By Juliet Aweko
Health systems across the world are being challenged by existing and emerging communicable diseases, such as Zika and Ebola, as well as the increase in chronic and non-communicable diseases (NCDs), like diabetes and cancer. Staggeringly, NCDs represent the single largest cause of mortality and morbidity in adults. So, is there anything we can learn to from the management of chronic and communicable diseases in tackling the growth of the NCDs.
NCDs burden to the health system
The burden of NCDs is expected to rise dramatically along with the shift towards ageing populations, and we will have to reshape our health systems to withstand and respond to this. Lower and middle income countries (LMICs) are likely to bear the brunt of this burden, particularly as their health systems are even more ill-equipped to respond to the double burden of disease.
Even in high-income countries (HICs), health care professionals are still oriented towards acute care. In fact, more focus has been on the clinical response, particularly hospital-based management of NCDs rather than prevention. There is inadequate focus on community involvement, integration and contextualization of NCDs prevention and management practices in routine care.
Why does resilience matter?
The recent Ebola outbreak exposed the struggling health systems of many low income countries and that these weak health systems posed to global health security and economic development. As a result, recent discussions and the focus of the Fourth Global Symposium for Health Systems Research are on building ‘resilient and responsive health systems for a changing world’.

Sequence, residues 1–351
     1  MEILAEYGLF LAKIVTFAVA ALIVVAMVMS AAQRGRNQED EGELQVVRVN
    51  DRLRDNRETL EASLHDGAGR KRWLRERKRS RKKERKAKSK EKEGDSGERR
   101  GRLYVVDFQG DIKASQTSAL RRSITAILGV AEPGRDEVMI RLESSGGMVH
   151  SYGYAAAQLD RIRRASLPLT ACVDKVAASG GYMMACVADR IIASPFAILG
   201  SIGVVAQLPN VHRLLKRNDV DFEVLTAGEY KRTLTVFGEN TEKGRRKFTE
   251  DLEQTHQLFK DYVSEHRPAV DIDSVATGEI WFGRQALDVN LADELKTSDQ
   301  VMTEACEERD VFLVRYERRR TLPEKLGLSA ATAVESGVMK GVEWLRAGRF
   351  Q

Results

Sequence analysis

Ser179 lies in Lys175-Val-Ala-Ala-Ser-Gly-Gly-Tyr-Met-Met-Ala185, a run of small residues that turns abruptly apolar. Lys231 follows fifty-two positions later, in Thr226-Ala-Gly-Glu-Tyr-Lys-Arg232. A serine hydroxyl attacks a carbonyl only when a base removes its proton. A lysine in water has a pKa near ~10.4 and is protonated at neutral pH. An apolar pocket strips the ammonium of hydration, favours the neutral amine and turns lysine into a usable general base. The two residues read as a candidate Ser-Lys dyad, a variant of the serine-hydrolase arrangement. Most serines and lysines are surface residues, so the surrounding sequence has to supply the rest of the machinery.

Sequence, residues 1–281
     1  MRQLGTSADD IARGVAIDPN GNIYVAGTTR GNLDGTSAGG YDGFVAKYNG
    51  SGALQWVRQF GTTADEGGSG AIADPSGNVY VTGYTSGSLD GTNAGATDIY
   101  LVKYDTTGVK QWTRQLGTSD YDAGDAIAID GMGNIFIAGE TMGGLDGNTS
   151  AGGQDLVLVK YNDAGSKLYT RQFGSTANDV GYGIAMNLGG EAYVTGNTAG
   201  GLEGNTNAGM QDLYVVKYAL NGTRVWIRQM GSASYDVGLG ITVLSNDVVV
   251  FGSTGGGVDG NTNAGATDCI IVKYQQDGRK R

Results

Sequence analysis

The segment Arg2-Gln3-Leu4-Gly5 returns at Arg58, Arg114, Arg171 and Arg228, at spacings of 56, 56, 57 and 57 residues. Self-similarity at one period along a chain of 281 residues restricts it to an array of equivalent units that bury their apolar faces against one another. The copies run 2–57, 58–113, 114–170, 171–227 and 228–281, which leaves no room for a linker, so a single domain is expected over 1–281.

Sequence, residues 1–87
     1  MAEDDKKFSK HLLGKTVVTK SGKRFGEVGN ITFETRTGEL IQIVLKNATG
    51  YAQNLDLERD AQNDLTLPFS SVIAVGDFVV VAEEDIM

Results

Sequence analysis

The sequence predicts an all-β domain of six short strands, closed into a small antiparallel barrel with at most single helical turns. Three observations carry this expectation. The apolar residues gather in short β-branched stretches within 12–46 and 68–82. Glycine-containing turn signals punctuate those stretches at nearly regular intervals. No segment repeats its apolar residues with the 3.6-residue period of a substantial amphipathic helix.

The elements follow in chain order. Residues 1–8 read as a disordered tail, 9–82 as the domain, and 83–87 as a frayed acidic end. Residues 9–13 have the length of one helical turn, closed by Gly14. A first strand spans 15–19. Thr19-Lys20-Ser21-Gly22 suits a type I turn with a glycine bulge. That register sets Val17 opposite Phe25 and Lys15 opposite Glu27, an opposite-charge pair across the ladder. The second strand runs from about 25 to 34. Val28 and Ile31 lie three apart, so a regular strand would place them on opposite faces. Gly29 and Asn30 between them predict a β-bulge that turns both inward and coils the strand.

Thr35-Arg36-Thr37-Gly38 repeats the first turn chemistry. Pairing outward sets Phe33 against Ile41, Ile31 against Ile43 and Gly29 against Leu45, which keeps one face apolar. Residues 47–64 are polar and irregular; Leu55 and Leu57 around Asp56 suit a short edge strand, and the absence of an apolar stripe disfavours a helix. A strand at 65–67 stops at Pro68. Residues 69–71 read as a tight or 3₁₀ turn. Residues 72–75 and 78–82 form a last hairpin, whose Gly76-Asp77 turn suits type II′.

Resilience is not a new concept. But it is one which should be an inherent objective of universal health coverage or a well-functioning health system, and applied to tackling both communicable diseases as well as NCDs. As defined by Kutzin and Sparkles: resilience of a health system is its ability to absorb disturbance, to adapt and respond with the provision of needed services.
Health systems need to be more innovative and prepared at all time to adjust to an emerging crisis while maintaining their core function. Moreover, they should be able to use applicable ideas and lessons learnt from previous experience in management of existing communicable diseases to tackle emerging diseases.
Lessons from chronic communicable disease care
Over the years, health systems in LMICs have traditionally focused on the management of poor maternal and child health, communicable diseases, and other related conditions. As a result, community empowerment strategies such as task-shifting and community care workers were initiated and integral to providing care services for certain conditions to people at community level. Strategies like these can and should be used for acute and communicable diseases can be adapted and scaled up across contexts worldwide to manage other chronic diseases particularly NCDs.
There are lessons which can be learnt and borrowed from the HIV-related experiences in Sub-Saharan Africa to address diabetes as a ‘chronic lifelong condition’ similar to HIV/AIDS. Integrated HIV and AIDS care approaches using task shifting at the primary health care level, use of expert patients and peer support groups have been utilized to tackle the heavy patient-load in understaffed health facilities. These ideas are highly relevant and very likely cost-effective to replicate where applicable.
SMART2D, an EU funded project, is an example of an initiative aimed at improving self-management for Type 2-diabetes. Alongside task-shifting, this project focuses on creating alternate teams of health care providers or community health workers and expanding care networks through peer support groups. These approaches are being integrated into routine care for type 2-diabetes across a varieties of countries with different needs and resources, such as Sweden, South Africa and Uganda.
It is high-time that we borrow these very practical ideas from chronic disease care strategies and adapt them accordingly. Taking these lessons will go far in supporting health systems to cope with the rising burden of NCDs in all communities.
This blog post is part of a series addressing: ‘resilient & responsive health systems for a changing world’. These blog posts were originally essays written by members of the Emerging Voices TWG.